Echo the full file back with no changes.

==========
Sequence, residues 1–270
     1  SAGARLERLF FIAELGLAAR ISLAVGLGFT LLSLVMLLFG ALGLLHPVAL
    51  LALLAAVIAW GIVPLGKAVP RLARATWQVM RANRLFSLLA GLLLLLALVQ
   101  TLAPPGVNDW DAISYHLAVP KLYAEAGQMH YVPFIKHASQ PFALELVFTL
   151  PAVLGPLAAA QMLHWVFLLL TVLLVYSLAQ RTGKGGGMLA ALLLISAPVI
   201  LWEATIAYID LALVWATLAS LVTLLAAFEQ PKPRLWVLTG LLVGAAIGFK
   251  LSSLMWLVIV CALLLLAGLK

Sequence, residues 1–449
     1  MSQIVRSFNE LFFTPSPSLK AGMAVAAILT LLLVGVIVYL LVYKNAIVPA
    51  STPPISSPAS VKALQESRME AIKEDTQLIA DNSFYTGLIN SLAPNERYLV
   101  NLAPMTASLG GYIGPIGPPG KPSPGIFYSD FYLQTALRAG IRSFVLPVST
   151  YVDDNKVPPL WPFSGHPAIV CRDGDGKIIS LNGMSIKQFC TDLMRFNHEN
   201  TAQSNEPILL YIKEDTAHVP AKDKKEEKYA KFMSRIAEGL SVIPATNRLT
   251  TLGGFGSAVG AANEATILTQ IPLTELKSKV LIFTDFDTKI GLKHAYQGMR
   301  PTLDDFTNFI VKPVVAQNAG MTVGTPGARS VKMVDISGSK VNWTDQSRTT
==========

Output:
Sequence, residues 1–270
     1  SAGARLERLF FIAELGLAAR ISLAVGLGFT LLSLVMLLFG ALGLLHPVAL
    51  LALLAAVIAW GIVPLGKAVP RLARATWQVM RANRLFSLLA GLLLLLALVQ
   101  TLAPPGVNDW DAISYHLAVP KLYAEAGQMH YVPFIKHASQ PFALELVFTL
   151  PAVLGPLAAA QMLHWVFLLL TVLLVYSLAQ RTGKGGGMLA ALLLISAPVI
   201  LWEATIAYID LALVWATLAS LVTLLAAFEQ PKPRLWVLTG LLVGAAIGFK
   251  LSSLMWLVIV CALLLLAGLK

Sequence, residues 1–449
     1  MSQIVRSFNE LFFTPSPSLK AGMAVAAILT LLLVGVIVYL LVYKNAIVPA
    51  STPPISSPAS VKALQESRME AIKEDTQLIA DNSFYTGLIN SLAPNERYLV
   101  NLAPMTASLG GYIGPIGPPG KPSPGIFYSD FYLQTALRAG IRSFVLPVST
   151  YVDDNKVPPL WPFSGHPAIV CRDGDGKIIS LNGMSIKQFC TDLMRFNHEN
   201  TAQSNEPILL YIKEDTAHVP AKDKKEEKYA KFMSRIAEGL SVIPATNRLT
   251  TLGGFGSAVG AANEATILTQ IPLTELKSKV LIFTDFDTKI GLKHAYQGMR
   301  PTLDDFTNFI VKPVVAQNAG MTVGTPGARS VKMVDISGSK VNWTDQSRTT